First seen or first heard? A useful distinction when counting forest birds
|Title||First seen or first heard? A useful distinction when counting forest birds|
|Publication Type||Journal Article|
|Year of Publication||1996|
|Type of Article||paper|
|Keywords||Bird counts, conspicuousness, New Zealand forest, singing|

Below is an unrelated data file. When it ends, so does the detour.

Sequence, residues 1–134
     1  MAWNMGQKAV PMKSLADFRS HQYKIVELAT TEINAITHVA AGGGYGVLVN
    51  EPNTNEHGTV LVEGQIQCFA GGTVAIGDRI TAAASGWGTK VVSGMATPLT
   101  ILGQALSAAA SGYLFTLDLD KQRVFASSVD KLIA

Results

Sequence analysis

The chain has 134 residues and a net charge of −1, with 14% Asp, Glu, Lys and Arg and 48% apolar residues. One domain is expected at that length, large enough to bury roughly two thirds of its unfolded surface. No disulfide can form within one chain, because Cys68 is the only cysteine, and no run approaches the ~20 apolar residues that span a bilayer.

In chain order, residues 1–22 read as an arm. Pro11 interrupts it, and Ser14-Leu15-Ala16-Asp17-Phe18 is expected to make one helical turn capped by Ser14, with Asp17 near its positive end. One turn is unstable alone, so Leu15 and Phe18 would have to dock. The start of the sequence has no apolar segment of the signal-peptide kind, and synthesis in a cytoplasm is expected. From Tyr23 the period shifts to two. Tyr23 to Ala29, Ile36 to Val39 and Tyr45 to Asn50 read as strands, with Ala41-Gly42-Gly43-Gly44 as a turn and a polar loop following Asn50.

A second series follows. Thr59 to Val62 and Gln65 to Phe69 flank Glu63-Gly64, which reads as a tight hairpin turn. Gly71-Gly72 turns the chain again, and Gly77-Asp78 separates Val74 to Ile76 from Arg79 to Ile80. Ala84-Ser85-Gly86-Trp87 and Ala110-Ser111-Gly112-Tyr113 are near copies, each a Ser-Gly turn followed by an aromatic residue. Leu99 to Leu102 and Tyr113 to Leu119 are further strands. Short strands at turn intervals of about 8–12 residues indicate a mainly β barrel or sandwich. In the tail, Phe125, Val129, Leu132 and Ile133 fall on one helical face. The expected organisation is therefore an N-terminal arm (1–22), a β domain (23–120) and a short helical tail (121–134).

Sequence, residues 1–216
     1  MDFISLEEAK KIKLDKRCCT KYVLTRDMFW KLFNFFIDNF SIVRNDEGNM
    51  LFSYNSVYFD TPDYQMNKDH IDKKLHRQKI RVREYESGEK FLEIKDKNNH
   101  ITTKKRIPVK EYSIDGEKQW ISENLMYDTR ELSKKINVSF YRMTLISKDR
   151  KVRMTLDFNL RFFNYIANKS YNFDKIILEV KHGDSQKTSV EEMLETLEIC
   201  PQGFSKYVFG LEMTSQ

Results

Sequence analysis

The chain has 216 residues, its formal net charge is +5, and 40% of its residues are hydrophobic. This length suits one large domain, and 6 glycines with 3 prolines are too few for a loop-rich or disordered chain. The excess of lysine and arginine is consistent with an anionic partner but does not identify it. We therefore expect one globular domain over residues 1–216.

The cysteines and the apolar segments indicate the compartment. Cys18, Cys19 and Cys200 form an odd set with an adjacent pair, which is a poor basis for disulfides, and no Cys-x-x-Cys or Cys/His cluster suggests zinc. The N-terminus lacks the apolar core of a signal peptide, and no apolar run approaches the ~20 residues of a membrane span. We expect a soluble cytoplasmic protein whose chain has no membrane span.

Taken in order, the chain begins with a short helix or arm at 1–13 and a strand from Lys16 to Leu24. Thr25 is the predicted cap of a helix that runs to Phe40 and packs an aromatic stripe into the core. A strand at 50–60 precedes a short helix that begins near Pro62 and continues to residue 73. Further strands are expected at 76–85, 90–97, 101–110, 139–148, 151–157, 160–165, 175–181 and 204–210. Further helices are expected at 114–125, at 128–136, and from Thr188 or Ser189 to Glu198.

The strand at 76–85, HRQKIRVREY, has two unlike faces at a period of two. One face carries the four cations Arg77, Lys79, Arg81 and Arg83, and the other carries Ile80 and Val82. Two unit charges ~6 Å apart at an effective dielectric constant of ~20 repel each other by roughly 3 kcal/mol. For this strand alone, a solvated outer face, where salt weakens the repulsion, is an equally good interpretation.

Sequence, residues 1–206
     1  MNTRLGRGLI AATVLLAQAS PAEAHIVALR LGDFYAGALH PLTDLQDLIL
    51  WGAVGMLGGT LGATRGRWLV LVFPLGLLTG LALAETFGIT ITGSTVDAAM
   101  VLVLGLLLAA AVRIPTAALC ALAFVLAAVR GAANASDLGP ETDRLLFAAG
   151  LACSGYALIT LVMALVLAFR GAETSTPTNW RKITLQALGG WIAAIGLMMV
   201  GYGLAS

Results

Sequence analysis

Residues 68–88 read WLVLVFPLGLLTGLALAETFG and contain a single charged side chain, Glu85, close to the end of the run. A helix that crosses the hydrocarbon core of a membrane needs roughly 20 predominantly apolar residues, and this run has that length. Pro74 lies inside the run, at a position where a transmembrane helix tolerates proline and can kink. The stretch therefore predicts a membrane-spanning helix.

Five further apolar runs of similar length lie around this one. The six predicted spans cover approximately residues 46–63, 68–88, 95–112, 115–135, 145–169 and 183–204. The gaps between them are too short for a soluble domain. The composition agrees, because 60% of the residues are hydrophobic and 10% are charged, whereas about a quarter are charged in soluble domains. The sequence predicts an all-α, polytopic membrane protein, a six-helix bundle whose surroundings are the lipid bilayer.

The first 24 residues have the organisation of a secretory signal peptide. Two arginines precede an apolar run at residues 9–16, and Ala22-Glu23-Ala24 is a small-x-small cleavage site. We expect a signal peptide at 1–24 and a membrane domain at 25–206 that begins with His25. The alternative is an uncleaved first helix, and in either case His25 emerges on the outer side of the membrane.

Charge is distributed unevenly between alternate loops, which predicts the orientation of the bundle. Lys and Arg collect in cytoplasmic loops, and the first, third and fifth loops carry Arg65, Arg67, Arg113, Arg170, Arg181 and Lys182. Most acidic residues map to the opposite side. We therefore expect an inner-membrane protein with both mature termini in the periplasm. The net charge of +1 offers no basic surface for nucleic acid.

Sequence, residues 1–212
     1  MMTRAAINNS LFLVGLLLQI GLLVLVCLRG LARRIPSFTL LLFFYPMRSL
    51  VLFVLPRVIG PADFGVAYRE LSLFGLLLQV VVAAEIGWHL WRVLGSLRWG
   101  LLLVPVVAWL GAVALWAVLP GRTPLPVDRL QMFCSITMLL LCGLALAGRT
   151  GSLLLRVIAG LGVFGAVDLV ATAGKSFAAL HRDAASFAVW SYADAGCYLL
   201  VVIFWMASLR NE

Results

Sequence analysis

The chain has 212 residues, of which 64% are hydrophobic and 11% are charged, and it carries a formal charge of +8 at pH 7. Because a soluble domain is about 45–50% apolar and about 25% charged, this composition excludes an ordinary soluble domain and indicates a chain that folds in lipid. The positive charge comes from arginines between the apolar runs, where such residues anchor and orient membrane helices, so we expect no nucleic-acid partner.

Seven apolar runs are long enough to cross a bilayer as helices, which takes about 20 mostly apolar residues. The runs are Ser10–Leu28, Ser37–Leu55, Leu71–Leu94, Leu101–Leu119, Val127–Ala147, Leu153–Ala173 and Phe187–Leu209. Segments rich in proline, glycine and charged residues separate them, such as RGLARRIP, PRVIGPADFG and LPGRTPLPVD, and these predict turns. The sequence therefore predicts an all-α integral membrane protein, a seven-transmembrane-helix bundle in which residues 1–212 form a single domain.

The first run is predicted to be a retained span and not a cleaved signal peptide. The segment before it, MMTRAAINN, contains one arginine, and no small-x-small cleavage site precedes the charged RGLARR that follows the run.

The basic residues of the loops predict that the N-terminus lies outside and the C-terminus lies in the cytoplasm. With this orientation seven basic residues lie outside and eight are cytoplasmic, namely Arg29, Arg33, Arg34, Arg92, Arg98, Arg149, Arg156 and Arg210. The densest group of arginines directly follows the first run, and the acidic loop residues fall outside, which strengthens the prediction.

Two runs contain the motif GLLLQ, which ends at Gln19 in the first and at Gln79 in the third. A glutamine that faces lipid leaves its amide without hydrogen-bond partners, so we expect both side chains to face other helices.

When interpreting counts of forest birds it is seldom possible to distinguish the effects of changing density from those of changing conspicuousness; these often arise from the birds' singing and calling. To investigate this, birds first seen were recorded separately from those first heard when counting birds in forest of the Orongorongo Valley, Wellington, New Zealand. Apparent changes in the frequency of Paradise Duck (Tadorna variegata) in the river valley, and of the Song Thrush (Turdus philomelos), Whitehead (Mohoua albicilla), Grey Warbler (Gerygone igata) and Chaffinch (Fringilla coelebs) in the forest coincided with changes in the frequency of their singing or calling; they were considered suspect. Changes in the frequency of the Black-backed Gull (Larus dominicanus) on the riverbed, and of N.Z. Pigeon (Hemiphaga novaeseelandiae), Blackbird (Turdus merula), Fantail (Rhipidura fuliginosa), Silvereye (Zosterops lateralis), Bellbird (Anthornis melanura), Tui (Prosthemadera novaeseelandiae), and Australian Magpie (Gymnorhina tibicen) did not show a similar correlation. Special study of the ways in which birds either advertise or conceal themselves is needed. Correction factors may never compensate completely for the effects of the birds' varying conspicuousness.